"The vanity of intelligence is that the intelligent man is often more committed to 'one-upping' his opponent than being truthful. When the idea of intelligence, rather than intelligence itself, becomes a staple, there is no wisdom in it."
    Criss Jami

    "When dealing with people, remember you are not dealing with creatures of logic, but creatures of emotion."
    "Any fool can criticize, condemn, and complain but it takes character and self control to be understanding and forgiving."
    Dale Carnegie

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    I like big buts Sir Caveat's Avatar
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    Interesting stats around 4:40. Extroverts lie more than introverts, as I expected. They talk more and I expect bullshit more. Also, women are more likely than men to lie to protect somebody else. I'm sure my wife covers for my stepson. This was just part of a conversation:
    Her - You always blame him even when he didn't do anything
    Me - You always protect him even when he did do something

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    Meae Musae Servus Hephaestus's Avatar
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    Quote Originally Posted by Obfuscate View Post
    liars are the people with their lips moving...
    The best liars don't say anything. They just set the stage and let people make their own conclusions.
    Most of time, when people ask why something terrible happened, they don't realize they are looking for someone to blame.

    --Meditations on Uncertainty Vol ξ(x)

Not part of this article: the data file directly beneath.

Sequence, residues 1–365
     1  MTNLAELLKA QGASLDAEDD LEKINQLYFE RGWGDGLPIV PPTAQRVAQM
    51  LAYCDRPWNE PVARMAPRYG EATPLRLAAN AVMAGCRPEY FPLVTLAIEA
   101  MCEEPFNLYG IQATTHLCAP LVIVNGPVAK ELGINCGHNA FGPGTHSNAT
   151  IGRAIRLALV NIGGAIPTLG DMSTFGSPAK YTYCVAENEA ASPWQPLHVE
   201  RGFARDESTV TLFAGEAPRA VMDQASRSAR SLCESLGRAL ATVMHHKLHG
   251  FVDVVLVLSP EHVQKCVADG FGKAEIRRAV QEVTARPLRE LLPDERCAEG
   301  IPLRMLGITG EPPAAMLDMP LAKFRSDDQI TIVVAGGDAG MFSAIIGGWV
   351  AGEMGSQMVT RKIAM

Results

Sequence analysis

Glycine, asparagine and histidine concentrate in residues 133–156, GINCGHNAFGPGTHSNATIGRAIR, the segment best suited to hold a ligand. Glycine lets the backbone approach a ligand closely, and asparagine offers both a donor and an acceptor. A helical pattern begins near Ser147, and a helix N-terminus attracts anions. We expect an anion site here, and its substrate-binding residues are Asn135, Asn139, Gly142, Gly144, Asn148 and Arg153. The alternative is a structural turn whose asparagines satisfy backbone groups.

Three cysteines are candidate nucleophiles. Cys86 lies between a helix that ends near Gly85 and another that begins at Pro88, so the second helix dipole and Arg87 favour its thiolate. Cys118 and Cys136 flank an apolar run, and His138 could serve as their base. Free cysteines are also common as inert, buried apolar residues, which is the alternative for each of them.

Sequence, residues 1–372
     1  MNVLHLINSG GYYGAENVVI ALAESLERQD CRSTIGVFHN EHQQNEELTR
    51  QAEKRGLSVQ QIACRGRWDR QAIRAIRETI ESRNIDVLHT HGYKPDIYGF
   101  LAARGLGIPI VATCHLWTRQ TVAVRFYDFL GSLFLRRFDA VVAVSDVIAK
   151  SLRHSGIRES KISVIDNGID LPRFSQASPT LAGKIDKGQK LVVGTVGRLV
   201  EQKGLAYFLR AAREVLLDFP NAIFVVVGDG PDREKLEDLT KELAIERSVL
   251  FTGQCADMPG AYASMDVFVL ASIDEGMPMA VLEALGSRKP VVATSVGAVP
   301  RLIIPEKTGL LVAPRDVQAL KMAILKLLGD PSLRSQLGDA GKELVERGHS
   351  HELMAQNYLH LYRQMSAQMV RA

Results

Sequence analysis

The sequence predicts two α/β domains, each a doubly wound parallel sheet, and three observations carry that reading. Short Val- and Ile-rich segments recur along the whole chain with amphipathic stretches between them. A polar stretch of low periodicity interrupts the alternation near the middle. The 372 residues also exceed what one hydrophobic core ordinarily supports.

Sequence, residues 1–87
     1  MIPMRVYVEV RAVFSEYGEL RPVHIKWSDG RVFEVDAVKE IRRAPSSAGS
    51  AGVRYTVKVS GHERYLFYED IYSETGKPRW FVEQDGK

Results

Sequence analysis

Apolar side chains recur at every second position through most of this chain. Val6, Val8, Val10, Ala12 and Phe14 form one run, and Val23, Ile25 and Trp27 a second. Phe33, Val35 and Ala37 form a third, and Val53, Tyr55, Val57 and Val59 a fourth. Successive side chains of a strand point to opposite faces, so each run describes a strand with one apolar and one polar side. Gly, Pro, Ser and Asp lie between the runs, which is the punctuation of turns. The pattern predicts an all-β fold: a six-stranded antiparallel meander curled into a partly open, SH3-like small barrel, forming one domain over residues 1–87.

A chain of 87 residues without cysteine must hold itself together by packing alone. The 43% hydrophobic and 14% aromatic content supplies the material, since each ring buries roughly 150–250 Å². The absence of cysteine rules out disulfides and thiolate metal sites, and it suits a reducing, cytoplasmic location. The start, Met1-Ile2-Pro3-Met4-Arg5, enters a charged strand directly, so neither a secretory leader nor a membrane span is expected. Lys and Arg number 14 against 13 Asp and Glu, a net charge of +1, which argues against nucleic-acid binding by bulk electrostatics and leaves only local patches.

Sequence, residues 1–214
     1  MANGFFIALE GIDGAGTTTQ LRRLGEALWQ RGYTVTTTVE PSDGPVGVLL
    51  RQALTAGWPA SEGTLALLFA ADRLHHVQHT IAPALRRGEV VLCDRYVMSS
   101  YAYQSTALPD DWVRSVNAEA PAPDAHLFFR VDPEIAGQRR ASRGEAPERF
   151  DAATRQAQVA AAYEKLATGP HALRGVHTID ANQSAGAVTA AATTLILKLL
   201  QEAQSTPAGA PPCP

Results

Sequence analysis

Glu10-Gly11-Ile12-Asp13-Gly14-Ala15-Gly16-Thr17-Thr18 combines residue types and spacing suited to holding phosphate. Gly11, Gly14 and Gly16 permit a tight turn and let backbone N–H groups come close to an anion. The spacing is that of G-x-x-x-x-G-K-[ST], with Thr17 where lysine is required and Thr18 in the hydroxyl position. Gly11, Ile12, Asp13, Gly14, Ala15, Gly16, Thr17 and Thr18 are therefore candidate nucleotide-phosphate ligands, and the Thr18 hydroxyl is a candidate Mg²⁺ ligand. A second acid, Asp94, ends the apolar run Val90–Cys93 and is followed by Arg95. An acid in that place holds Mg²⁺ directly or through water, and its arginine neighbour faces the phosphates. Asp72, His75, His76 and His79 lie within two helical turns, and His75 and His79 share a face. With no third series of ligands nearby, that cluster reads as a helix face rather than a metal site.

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    Dr.Awkward Robcore's Avatar
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    I think I'm decent at spotting liars...probably better now than I was before I watched the show Lie to Me. That was a good show until they started glossing over how Tim Roth's character was able to tell that something was a lie. Basically, the first season was really informative, and the rest was just a standard procedural show.

    In any case, I don't get much out of calling a liar a liar...but that probably says more about the benign nature of the lies I witness most frequently than anything. I have witnessed outright harmful lies and have spoken up about them...but most often I'm likely to see someone lying to themselves and trying to sell that lie to a broader audience in order to strengthen it.
    ...the origin of emotional sickness lay in people’s belief that they were their personalities...
    "The pendulum of the mind alternates between sense and nonsense, not between right and wrong." ~Carl Jung

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    fluctuating Obfuscate's Avatar
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    Quote Originally Posted by Hephaestus View Post